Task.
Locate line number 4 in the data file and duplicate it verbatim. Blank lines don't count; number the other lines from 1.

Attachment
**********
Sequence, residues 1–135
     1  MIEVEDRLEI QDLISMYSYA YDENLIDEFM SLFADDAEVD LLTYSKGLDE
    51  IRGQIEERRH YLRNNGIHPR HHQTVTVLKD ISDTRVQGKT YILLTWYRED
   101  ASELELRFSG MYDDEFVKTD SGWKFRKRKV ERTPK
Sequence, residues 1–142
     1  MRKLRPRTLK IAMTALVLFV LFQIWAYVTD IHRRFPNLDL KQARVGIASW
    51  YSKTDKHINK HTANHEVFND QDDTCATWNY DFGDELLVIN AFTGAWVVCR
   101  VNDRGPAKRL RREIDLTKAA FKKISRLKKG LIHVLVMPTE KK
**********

   101  ASELELRFSG MYDDEFVKTD SGWKFRKRKV ERTPK